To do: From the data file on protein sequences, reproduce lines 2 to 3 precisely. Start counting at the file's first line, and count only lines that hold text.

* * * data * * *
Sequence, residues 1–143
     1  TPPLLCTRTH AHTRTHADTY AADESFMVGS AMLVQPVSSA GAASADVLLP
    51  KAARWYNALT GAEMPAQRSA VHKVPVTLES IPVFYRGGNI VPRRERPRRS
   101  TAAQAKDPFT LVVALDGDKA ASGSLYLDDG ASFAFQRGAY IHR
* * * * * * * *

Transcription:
     1  TPPLLCTRTH AHTRTHADTY AADESFMVGS AMLVQPVSSA GAASADVLLP
    51  KAARWYNALT GAEMPAQRSA VHKVPVTLES IPVFYRGGNI VPRRERPRRS